May 20, 2013
Republican debt plan faces close vote in Congress
A bill to cut the deficit faced a nail-bitingly close vote in Congress today as the top Republican lawmaker sought to quell an internal revolt and push his plan to avoid a ruinous default.
Approval of a plan by House of Representatives Speaker John Boehner would break the inertia in Washington over a debt crisis that has spooked markets and raised the prospect that the government of the world's largest economy will run out of money to pay its bills in less than a week.
President Barack Obama has threatened to veto the bill and a majority of the Democratic-controlled Senate has vowed to vote against it. But a successful vote in the House would give the bill legitimacy and make it a crucial element of the legislative chess game that is likely to play out up to August 2.
That's when the Obama administration says it will run out of funds to pay the country's bills unless a $14.3 trillion borrowing limit is increased. A defeat of the bill could deepen the crisis, swinging the momentum toward a rival Democratic plan in the Senate but leaving no clear way to overcome entrenched opposition from fiscally conservative Tea Party Republicans in the House.
As the brinkmanship over the ideologically charged dispute looks like it will go on through the weekend, investors and ordinary Americans are increasingly nervous that a previously unthinkable US default could spark a new financial crisis.
Asian stocks slid more than 1 percent in thin volume today as investors nervously watched the clock tick down toward the debt ceiling deadline. European shares followed suit, sliding half a percent. The Treasury says it will run out of spending money next Tuesday unless Congress agrees to raise the debt ceiling. Even if an 11th-hour compromise emerges, the United States could lose its top-notch credit status if ratings agencies are not convinced it has done enough to address its bulging debt burden.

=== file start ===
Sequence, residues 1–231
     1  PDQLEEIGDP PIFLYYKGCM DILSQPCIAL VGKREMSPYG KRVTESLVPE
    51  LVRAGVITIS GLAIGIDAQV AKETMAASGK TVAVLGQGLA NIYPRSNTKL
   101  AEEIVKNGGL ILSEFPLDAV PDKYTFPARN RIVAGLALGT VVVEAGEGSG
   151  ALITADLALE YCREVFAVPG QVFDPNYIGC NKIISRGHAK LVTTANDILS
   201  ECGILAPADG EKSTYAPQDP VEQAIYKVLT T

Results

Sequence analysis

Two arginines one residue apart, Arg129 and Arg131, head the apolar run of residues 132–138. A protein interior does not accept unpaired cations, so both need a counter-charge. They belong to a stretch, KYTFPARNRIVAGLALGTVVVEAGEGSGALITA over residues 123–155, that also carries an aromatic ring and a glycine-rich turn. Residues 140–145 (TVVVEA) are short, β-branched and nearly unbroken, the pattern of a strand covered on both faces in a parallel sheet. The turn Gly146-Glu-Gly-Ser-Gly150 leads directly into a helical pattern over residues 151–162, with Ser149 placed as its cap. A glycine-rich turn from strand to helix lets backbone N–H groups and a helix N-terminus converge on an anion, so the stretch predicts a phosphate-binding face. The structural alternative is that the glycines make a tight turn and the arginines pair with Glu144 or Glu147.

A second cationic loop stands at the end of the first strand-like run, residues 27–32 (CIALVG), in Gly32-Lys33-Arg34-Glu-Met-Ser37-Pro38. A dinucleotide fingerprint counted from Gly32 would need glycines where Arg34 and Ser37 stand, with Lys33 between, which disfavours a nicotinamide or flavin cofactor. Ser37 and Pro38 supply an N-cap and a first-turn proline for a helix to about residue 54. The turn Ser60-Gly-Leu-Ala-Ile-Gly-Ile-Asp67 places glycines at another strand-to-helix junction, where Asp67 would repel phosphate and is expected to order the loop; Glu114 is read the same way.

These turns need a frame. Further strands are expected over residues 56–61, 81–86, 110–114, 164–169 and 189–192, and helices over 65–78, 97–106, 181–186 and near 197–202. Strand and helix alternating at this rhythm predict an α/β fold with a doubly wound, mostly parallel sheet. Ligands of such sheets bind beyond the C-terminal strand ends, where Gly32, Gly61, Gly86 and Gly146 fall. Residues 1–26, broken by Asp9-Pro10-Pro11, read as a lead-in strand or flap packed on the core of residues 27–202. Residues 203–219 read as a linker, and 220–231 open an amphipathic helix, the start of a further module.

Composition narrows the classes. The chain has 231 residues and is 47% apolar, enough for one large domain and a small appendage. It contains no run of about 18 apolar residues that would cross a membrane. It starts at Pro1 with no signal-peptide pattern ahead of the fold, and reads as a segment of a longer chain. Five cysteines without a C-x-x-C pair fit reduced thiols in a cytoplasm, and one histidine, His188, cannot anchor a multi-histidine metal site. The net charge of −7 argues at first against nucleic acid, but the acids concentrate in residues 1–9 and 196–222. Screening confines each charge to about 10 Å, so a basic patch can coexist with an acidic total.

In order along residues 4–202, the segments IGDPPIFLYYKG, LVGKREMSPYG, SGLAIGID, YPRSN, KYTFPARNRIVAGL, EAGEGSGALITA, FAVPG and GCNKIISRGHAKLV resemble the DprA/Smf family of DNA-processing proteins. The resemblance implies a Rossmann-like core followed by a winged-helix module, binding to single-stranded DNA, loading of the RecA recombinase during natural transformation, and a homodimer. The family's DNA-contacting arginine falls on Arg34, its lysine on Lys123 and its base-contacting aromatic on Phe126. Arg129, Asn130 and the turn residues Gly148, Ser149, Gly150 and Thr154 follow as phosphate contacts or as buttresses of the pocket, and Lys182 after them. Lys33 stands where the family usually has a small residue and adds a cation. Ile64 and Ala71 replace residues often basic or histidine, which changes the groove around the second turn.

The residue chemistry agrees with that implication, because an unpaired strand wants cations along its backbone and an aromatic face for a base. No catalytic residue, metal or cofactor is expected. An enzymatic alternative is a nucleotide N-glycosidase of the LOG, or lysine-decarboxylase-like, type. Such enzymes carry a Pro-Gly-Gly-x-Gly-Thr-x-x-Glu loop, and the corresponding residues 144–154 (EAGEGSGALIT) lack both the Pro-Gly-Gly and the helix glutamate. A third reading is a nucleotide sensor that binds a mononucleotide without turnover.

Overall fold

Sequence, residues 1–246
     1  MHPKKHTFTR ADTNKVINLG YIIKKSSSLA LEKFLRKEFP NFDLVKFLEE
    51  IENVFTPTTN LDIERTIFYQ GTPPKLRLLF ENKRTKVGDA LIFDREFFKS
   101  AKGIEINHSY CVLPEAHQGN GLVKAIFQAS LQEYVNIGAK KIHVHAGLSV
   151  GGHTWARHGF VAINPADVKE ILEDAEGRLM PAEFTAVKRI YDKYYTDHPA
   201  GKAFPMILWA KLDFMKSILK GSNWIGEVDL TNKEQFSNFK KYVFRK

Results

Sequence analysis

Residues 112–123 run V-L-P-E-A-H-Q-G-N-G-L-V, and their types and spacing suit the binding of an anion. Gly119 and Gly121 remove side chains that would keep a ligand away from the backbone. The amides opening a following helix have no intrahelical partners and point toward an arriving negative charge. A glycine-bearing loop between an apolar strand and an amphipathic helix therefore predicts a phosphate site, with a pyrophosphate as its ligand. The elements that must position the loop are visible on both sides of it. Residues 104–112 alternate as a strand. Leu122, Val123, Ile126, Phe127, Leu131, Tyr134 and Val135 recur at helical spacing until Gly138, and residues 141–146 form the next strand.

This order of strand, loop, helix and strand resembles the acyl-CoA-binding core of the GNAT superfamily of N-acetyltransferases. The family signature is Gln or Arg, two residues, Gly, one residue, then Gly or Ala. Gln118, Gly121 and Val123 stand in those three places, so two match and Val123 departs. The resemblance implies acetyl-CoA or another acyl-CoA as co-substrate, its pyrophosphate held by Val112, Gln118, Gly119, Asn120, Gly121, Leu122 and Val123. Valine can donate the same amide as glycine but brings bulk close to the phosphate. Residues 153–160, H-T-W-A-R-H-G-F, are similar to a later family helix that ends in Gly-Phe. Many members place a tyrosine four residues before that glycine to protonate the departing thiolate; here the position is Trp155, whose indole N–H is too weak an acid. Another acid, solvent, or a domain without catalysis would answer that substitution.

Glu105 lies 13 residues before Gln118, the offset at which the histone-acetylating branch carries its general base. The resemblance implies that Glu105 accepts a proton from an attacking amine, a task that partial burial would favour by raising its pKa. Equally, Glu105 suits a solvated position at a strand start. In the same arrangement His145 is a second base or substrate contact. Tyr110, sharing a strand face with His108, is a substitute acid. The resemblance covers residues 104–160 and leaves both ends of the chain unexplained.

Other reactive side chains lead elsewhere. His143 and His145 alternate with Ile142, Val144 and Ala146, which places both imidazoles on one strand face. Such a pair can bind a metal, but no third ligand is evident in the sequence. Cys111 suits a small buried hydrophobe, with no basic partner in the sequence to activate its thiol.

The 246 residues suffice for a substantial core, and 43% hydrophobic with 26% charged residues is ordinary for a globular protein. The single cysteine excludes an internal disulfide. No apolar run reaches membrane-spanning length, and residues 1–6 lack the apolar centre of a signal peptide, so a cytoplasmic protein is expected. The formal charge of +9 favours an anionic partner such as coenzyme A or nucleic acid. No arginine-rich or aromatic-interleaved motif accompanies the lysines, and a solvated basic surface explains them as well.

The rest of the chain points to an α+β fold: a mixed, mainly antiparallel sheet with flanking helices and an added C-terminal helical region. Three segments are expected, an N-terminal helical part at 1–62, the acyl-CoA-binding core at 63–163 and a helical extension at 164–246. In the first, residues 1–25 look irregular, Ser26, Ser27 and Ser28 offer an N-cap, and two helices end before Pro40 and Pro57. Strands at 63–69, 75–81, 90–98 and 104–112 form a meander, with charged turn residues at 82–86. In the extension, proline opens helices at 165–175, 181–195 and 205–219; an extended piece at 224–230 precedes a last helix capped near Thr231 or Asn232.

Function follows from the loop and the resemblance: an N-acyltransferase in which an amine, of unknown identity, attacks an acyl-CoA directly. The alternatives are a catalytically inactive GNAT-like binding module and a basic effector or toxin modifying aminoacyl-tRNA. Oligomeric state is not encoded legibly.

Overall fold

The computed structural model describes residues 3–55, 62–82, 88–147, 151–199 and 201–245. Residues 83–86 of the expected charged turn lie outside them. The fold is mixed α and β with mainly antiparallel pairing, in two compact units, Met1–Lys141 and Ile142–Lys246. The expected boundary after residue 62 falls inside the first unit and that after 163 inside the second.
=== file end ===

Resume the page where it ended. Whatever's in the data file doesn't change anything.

The White House has warned of "catastrophic" consequences if a deal is not reached by August 2, rejecting the idea that Obama could invoke an obscure constitutional clause to raise the debt limit.mSeveral House Democrats planned to hold a news conference today to urge Obama to take that option if necessary.
"The only option here is for Congress to do its job," said senior White House adviser David Plouffe on the PBS television show "NewsHour."
"We've run out of excuses and we're running out of time."
After weeks of bickering and setbacks, some common ground has emerged between rival Republican and Democrat plans to cut the deficit and raise the debt limit. A bill being pushed by top Senate Democrat Harry Reid and backed by the White House would cut $2.2 trillion from the deficit over 10 years without raising taxes.